So here are some benefits that you will see immediately or after some time, and pitfalls that you can meet in your remote working life if you don’t take care of yourself.


  • Less time commuting == More time spent with your family
  • No commuting expenses
  • Ability to choose the best time of day when you are most productive
  • Less stress and interruptions
  • Less meetings
  • Your written communication levels rise to the roof
  • You learn how to work better


  • Not being able to separate work from private life
  • Isolation from other people can affect your mental health in a bad way
  • Letting yourself go physically

Jason and David are far better writers than me, so if you
want to really learn about remote work, and everything it carries with, go and read great book on this subject Remote: Office Not Required by the guys from Basecamp.

Why would you want to become a freelancer?

So what are your top reasons you want to become a freelancer? Feel free to
leave them in the comments section below. I will briefly give you my reasons
for doing it over the next couple of posts.

Be your own boss

The main reason everyone quotes is being fed up with the management at their
current place of work. That may be due to a lot of reasons. For example: Stuck
on boring projects; Can’t work from home sometimes; Don’t have a flexible schedule;
You can’t implement the new and hip technology you read about last week, because
you are stuck doing a VB6 project; And this list goes on and on…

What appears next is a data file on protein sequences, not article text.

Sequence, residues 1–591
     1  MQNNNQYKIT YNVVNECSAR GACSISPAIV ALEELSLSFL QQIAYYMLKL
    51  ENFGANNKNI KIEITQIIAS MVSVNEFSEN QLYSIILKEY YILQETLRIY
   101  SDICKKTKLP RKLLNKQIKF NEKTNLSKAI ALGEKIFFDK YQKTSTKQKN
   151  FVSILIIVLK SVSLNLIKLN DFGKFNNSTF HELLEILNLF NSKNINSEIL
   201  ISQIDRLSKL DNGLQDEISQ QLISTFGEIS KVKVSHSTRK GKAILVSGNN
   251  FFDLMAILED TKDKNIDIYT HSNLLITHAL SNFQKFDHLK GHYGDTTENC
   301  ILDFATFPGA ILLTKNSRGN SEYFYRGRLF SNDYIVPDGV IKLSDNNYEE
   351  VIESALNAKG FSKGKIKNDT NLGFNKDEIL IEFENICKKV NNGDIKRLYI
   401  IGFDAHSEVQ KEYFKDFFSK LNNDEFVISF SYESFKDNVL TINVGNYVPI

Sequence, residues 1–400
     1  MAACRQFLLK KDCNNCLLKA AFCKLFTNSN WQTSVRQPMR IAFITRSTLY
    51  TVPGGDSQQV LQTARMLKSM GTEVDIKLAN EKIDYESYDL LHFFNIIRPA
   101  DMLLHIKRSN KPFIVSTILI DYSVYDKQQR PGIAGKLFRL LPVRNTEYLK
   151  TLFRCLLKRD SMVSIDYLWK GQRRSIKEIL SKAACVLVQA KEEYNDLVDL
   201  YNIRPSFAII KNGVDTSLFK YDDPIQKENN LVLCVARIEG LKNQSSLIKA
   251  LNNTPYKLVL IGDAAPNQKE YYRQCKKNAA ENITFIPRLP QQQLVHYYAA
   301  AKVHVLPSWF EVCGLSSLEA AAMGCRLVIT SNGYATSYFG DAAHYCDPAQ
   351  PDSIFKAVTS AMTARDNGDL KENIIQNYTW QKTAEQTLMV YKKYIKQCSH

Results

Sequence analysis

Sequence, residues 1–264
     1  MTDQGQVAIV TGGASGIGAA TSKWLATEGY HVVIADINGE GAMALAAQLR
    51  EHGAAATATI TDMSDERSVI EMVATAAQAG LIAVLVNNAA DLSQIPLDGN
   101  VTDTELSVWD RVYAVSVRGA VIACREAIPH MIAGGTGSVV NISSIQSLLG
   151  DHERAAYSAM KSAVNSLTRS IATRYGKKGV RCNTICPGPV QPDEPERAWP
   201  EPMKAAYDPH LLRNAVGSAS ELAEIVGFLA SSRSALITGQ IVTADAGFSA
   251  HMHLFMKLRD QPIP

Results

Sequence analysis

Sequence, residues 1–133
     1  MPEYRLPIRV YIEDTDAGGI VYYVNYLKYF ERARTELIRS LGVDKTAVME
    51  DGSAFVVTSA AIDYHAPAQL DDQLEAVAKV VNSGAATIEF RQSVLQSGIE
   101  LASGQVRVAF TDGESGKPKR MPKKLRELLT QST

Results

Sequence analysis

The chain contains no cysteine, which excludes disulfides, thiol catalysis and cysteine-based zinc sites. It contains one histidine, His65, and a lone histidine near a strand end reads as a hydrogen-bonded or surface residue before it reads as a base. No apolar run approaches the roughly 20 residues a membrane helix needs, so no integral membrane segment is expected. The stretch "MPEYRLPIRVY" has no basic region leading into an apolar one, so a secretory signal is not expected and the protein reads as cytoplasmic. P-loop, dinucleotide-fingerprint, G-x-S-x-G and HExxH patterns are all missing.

The good parts

Being your own boss can improve that situation a lot, you get to choose the
projects to work on, the clients to work with and the technologies to
implement those projects to some extent. You get to choose when you work, and
where you work from.

The bad parts(not really)

You are your own boss, you are the one to set the working schedule, organize yourself, and
be proactive with work. There is no Boss telling you what you are going to
work on next. Also you will find that you have to work on some other
issues, as you have to run a company right now, a one man company of yourself,
you are your own boss right now, and manager, HR, and marketing. Each client is a kind of
a boss, as you are responsible to them for the work you are contracted to do.

The cure

Hire an accountant, and outsource as much stuff as you can. Time you spend on
learning your skill, they spend on learning their skills. Don’t do everything
by yourself, and remember, always be polite.

Flexible working hours/location

This is also a classic. All the freelancers out there seem to work whenever
they want, wherever they want.

The good parts

You work whenever/wherever you want, you can travel around the country, or
even abroad, and your work won’t suffer, your clients may not even notice that
you are 5000 km away from the place they think you are. But it really doesn’t
matter. Work happens where it happens for you, and it’s in your and your
clients’ best interest to be as productive as you can for them, and for
yourself, of course.

The bad parts

You can work the whole day, there is always something to be done. First you
forget lunch, then you forget your kids big game or play at school, as you
have so much work to do. If you don’t plan your time you will loose your
health/family and everything.

The cure

Make a schedule and stick to it. Being constrained to work 5 or 6 hours each day
makes you the most productive machine there is, because you haven’t got more
time, just those 6 hours each day, so about 30 hours a week.

This is it for this post, I will continue writing on this subject and the
tools to help you while freelancing or being a remote worker.